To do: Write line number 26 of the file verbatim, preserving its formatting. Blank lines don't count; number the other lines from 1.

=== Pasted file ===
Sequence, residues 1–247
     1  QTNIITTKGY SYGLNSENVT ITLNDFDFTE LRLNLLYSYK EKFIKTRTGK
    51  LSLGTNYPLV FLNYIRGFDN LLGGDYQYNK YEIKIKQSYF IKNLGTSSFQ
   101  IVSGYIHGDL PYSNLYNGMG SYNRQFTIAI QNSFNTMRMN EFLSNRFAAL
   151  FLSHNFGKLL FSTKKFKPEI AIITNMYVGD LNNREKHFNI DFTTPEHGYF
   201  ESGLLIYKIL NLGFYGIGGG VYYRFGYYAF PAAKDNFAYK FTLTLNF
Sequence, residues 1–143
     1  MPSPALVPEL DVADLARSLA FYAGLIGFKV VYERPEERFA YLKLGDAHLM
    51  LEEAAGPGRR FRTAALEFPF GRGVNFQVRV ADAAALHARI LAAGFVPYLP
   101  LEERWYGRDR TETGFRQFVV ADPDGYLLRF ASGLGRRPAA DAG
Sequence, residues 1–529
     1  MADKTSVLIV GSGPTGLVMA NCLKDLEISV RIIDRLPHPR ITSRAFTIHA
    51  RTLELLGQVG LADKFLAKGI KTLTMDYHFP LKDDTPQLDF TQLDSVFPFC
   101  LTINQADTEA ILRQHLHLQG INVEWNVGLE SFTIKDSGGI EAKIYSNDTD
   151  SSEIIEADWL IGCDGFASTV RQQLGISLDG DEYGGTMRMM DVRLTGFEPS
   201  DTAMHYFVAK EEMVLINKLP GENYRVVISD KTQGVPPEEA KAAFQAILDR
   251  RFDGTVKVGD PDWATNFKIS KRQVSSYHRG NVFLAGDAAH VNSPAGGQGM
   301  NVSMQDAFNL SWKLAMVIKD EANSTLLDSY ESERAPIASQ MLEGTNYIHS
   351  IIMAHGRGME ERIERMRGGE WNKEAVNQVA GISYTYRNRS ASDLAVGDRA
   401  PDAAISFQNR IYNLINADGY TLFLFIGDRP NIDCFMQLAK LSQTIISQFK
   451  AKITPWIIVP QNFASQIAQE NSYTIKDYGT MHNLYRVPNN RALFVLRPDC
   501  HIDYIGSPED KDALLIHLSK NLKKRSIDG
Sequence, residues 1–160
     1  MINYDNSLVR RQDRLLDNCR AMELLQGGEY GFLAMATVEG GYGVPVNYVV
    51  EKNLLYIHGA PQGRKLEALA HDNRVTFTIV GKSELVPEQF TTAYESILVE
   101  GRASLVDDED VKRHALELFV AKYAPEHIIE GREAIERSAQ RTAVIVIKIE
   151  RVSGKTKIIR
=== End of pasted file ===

   101  GRASLVDDED VKRHALELFV AKYAPEHIIE GREAIERSAQ RTAVIVIKIE